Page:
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Pop-ups, page takeovers, online ads that play automatically and commercials that interrupt someone's Spotify playlist: these are just some of the ways brands try to get consumers to notice them.
One of the most popular forms of online ad format is the "pre-roll," which plays before a video, and can be skipped after a certain amount of time. Brands are expected to double spending on digital video by 2020 to around $17bn in the U.S. alone, according to a report from IPG Mediabrands' Media Lab out this week.
IPG's figures suggest that 65 percent of people skip online video advertising, and they do so as soon as they get the chance. Most people skip ads out of habit, with 76 percent saying they do so because it's an ingrained behavior.
So what can advertisers do to get people to skip less?
Have a good story
A good story will get people to watch an ad – and remember the brand – more than an ad that focuses more on a product, the research says. Advertisers should also make sure the story includes a mention of the brand early on, because people only watch 5.5 seconds of a 15-second ad before they skip, with this figure rising to 7.4 seconds for a 30-second ad.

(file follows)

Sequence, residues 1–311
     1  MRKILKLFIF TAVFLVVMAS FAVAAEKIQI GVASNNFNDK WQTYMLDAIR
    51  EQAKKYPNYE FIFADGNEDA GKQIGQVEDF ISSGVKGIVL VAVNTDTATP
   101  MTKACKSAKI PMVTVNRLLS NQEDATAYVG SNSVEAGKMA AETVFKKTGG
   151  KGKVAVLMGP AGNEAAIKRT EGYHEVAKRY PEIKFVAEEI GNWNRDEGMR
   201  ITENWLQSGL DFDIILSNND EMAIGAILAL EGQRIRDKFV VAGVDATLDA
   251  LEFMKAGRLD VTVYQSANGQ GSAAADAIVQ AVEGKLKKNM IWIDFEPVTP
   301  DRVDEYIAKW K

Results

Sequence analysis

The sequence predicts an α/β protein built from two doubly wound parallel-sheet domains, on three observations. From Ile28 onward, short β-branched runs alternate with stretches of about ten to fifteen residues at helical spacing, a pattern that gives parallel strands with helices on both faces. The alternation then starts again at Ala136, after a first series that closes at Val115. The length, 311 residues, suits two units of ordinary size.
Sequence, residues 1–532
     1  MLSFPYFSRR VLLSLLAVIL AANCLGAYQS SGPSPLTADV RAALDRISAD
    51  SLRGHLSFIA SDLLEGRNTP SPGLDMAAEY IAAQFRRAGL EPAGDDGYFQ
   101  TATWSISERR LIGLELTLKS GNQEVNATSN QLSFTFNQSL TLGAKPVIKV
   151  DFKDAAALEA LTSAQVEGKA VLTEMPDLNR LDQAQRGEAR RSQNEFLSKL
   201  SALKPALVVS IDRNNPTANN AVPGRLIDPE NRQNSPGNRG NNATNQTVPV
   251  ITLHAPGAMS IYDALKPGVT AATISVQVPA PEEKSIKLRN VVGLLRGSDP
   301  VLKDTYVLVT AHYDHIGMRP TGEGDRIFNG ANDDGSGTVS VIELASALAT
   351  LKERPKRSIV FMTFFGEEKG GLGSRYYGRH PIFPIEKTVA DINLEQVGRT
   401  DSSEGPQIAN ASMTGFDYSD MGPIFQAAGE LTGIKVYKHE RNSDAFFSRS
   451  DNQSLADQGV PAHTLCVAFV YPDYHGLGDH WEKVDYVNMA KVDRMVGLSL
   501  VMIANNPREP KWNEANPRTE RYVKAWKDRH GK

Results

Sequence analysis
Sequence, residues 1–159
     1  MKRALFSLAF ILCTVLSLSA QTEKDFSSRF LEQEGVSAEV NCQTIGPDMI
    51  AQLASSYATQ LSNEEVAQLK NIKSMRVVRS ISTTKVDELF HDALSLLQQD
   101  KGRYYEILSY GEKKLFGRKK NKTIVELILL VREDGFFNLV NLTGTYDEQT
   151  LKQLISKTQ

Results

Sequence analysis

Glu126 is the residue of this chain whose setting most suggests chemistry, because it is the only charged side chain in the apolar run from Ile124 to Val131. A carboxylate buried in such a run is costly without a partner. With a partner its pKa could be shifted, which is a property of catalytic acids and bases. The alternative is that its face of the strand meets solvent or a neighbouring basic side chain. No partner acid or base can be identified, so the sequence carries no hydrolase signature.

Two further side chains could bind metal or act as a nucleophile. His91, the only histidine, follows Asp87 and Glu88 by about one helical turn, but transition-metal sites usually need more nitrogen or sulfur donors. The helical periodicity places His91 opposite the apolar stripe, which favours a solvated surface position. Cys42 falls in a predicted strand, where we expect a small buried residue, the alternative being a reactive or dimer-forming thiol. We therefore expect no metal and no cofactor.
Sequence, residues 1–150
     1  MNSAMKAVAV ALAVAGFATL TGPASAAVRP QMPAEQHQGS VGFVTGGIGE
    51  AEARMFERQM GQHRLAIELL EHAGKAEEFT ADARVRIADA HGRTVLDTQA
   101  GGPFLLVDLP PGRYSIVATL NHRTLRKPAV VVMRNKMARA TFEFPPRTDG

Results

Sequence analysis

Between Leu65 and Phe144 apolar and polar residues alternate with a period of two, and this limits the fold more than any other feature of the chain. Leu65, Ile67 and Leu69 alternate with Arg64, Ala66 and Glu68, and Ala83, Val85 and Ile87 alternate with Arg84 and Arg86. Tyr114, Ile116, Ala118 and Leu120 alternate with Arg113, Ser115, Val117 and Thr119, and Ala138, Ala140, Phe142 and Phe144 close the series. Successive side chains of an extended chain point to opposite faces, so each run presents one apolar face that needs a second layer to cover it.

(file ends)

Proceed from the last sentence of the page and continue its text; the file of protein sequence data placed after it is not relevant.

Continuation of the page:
Target people who like the brand anyway
Targeting the right people can also help lower rates of skipping. Having bought the advertised brand previously, or having a higher than average opinion of it will have an impact on the skip rate, but gender, income and the number of videos they watch overal online have no impact.
Be emotional and get to the point
Attempting to forge an emotional connection with a viewer will also help. Forty-three percent of people who watched an ad with "high emotion" said they felt engaged by it, versus 32 percent who were engaged by "low emotion" commercials. People are also more likely to remember the brand if the story peaks earlier on.
Branding by the skip button?
One marketing trick is to have the brand name appear close to the skip button on a video ad in the hope of getting viewers to remember the brand name. However, this has little impact on whether someone remembers who is advertising, according to the research. Twenty-one percent of people remembered the advertiser (without being prompted) when its branding was by the skip button, but 24 percent of people recalled the advertiser when there was no branding by the skip button.
"The results of this media trial proved that there are viable solutions to improve skippable ad campaigns," said Kara Manatt, senior vice president, intelligence solutions strategy at MAGNA, IPG's research arm, in an emailed statement. "While skipping is an ingrained behavior, more succinct ads, coupled with human connection and good storytelling, will help brands more deeply engage with audiences."
The IPG Media Lab surveyed more than 11,000 U.S. consumers for its "Turbo charging your skippable pre-roll campaign" report. Respondents selected two or three videos to watch across eight different sectors. They were asked to turn on their web cam so their emotions and attention could be tracked while they watched the videos, and undertook a survey after seeing them.
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